The Jalopy Journal
Discussion in 'The Hokey Ass Message Board' started by jimi'shemi291, Sep 12, 2009.
Its a Bantam, not an artificial reef.
Okey-dokey, Bantam was an American make at the time, and good catch, HotRodMetal! No old Bantam should become part of a manmade reef! And here's another U.S. make.
Thanks to ConceptCarz, here is surely what must be the finest example of a very early, rare AND significant car! Shown here at the Meadowbrook Concours d'Elegance is a 1903 Northern runabout from the vaunted Brass Lamp Era and built from 1902 to 1909. I say "significant" because the Northern -- or "Silent Northern" as an approving public came to call it -- was the first car mass produced by auto pioneers Charles Brady King and Jonathan Maxwell. (Sources conflict on where Northerns were built -- Detroit or Tarrytown, NY.)
The initial single-cylinder engine was originated by Maxwell and refined by engineer-genius King. At the turn of the century, both men had been pivotal forces at Olds, leaving in 1901 to build their own car after the famous fire at the Olds works. Given the men's automotive roots, the new Northern closely resembled the Olds in many aspects.
For 1904, Northern also offered a two-banger. But Maxwell left and with Benjamin Briscoe formed Maxwell-Briscoe. (Note: 22-year-old Alice Ramsey helped make the make famous when, in 1910, she and three female companions consumed 59 days driving coast to coast.)
After King left Northern in 1908 to start his own long-running marque, Northern declined financially and was soon bought up by Wayne, thence itself subsumed by EMF.
According to ConceptCarz, the Northern pictured was a first-place AACA winner in the 1950s and sold in 2008 at Hershey for nearly $50,000.
1902 Northern Runabout
Northern Mfg Co. Detroit, MI
1916 Adams Racer, All original
George Adams built it to race in the
1916 Indianapolis Race, but missed the entry deadline.
Thanks Jimi! I too am never afraid to help in the garage and I'm always ready and willing to learn! That's why I'm here, another fantastic resource! Thank you for the warm welcome and I'm finding this particular thread most fascinating!!
I'm looking for a picture of a car, probably extinct.
But a Porsche racer campaigned in the early 60's with a modified Corvair motor. I actually have some of the home made speed equipment used on it.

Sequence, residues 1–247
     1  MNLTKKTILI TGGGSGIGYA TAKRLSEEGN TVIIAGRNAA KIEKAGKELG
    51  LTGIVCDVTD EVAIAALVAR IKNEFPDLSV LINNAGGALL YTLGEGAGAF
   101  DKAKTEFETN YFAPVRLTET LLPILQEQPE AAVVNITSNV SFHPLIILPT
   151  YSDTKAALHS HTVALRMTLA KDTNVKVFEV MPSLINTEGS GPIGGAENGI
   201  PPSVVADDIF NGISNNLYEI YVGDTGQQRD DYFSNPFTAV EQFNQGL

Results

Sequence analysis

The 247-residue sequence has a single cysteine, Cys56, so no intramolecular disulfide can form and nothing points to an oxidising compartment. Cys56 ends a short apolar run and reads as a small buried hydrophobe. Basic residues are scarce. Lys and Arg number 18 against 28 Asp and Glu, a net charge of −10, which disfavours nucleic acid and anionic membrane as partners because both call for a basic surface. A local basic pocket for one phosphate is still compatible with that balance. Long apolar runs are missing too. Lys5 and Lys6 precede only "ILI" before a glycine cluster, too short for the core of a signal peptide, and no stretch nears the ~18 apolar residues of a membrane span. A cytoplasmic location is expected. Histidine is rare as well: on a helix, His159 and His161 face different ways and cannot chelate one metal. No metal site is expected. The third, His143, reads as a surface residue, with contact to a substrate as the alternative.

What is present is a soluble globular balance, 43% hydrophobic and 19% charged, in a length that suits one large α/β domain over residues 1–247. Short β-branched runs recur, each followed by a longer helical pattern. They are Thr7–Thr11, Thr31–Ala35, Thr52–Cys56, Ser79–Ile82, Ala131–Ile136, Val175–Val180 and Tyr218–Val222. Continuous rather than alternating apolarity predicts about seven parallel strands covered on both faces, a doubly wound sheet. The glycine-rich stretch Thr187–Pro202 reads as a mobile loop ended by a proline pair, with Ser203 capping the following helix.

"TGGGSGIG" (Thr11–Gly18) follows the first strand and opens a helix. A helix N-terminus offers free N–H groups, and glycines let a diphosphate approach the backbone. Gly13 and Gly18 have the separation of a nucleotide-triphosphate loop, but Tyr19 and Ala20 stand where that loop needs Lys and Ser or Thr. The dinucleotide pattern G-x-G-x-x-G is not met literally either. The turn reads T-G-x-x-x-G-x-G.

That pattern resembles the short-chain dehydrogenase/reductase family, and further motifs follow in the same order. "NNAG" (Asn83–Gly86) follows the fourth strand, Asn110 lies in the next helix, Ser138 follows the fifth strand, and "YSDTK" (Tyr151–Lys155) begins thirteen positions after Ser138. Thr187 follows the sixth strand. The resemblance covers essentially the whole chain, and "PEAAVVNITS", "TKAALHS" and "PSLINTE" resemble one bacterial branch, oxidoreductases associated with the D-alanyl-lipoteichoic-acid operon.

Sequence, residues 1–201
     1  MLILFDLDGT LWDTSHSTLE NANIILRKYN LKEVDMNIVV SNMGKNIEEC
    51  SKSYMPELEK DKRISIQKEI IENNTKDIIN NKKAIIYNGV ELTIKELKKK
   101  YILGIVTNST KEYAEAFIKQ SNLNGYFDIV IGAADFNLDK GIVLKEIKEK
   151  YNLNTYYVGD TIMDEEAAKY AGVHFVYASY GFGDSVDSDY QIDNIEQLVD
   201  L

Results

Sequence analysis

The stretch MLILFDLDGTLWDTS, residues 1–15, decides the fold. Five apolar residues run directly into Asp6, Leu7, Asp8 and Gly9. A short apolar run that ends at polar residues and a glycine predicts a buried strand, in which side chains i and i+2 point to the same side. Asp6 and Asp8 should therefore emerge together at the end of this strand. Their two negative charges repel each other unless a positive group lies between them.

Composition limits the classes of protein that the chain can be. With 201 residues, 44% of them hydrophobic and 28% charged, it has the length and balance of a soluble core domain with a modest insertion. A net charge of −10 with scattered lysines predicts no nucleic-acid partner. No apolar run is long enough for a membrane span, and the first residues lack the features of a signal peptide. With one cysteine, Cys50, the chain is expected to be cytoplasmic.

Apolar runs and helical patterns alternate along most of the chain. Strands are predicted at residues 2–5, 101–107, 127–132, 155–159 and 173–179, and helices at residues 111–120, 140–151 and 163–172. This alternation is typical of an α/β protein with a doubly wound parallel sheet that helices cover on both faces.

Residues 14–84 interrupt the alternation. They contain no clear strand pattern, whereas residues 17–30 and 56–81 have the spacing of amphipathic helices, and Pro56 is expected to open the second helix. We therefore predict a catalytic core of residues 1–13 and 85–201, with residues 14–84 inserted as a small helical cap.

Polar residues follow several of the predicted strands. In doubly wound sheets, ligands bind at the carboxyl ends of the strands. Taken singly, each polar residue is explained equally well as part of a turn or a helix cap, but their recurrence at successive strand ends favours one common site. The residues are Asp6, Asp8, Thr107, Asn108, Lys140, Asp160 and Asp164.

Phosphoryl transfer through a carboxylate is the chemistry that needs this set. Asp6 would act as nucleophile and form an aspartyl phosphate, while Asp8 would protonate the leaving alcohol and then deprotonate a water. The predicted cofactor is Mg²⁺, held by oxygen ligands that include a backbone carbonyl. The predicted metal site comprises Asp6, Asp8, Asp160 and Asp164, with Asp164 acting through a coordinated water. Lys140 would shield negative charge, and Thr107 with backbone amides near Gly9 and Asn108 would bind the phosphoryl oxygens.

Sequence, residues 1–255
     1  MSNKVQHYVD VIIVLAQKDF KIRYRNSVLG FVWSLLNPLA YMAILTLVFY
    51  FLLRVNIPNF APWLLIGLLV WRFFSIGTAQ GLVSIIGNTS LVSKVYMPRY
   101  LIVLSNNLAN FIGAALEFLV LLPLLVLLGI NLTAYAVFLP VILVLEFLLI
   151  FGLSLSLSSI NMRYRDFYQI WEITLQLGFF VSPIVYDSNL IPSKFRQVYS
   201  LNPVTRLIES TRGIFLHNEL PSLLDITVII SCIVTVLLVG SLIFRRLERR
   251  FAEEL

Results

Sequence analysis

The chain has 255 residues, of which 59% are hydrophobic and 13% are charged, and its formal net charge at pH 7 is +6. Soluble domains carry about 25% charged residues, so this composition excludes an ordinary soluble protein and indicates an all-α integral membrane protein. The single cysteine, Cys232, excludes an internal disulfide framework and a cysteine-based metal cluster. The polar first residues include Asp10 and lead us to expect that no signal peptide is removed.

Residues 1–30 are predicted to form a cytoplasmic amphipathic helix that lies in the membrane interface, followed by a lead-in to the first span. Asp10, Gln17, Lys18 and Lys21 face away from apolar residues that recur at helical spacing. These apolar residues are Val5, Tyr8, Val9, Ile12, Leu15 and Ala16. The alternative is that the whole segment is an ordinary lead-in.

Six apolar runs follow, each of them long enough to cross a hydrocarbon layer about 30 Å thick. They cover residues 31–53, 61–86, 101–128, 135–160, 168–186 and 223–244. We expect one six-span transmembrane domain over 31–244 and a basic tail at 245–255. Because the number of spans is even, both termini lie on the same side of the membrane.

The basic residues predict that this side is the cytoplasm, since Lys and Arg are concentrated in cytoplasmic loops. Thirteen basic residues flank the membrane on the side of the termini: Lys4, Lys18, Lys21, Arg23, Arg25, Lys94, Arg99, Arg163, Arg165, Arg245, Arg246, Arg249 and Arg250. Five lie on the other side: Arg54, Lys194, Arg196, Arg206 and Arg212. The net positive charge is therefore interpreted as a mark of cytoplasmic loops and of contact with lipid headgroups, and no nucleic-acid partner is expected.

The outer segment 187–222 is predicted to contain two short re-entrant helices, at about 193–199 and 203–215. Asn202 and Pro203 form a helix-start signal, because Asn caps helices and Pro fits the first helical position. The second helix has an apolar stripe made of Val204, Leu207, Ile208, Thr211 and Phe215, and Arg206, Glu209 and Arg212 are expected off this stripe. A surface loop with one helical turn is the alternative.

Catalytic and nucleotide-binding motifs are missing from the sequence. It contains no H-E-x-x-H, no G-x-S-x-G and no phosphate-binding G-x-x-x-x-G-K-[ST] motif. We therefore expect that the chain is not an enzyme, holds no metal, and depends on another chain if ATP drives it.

These were made by a guy named John Mills who lived in Kenmore, NY and worked at the Tonawanda engine plant as a forklift driver. The car ran at Watkins Glen in the early 60's. It was white with dark colored numbers (red?) and was number 61or 62.
I've been trying to search archives of old pictures of Watkin's Glen, but so far nothing.
Just thought I would toss this out there.
These were like a cross ram setup.
To use on the Corvair, the factory intake had to be machined off and these attached. They used two 348/409 center carbs on the manifold.
Would love to see a picture of the motor all together............
Mike, is anything known about George Adams? He doesn't seem to have been part of Adams Farwell, so my interest is piqued.
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Good attitude, Gabby! Great to have another old-car nut on board here. HAMBer Kurtis started another thread you'd probably enjoy also: "Auto Racing 1894 to 1944."
R.E. Olds at the wheel of the Olds Pirate on Ormand Beach about 1896
1953 - 1961 Eshelman Sportabout, Baltimore, MD Vice-President Richard Nixon with a young friendin a child's-version of the Eshelman car. SWI, this can't be the same Eshelman you referred to in post #761 and #3120, can it? (But maybe it was from the mind of the same inventor, Cheston Eshelman?) In fact, yes, I dug around, and it's the SAME Cheston Eshelman!!! Eshelman Golden Eagle(From Wikipedia) The first Eshelman Golden Eagle was an ordinary mid-1960s Chevrolet Corvair retrimmed with special emblems and other ornamentation and marketed through used-car dealers by Eshelman Motors Corporation of Baltimore, Maryland. By 1967 the model was called the Eshelman Golden Eagle Safety Car and was based on the contemporary Chevrolet line, but now each Golden Eagle had a patented standard 15 mph (24 km/h) impact-resistant "crash absorber" fashioned by incorporating each car's spare tire into the front bumper. Advertising claimed the cars were "Designed for the owner who has a special value for his life and the lives of his loved ones." Known Golden Eagle dealerships included the former Kislack Kar Sales in Houtzdale, Pennsylania and Plaza Motors in Niagara Falls, NY, but exact sales numbers are not known.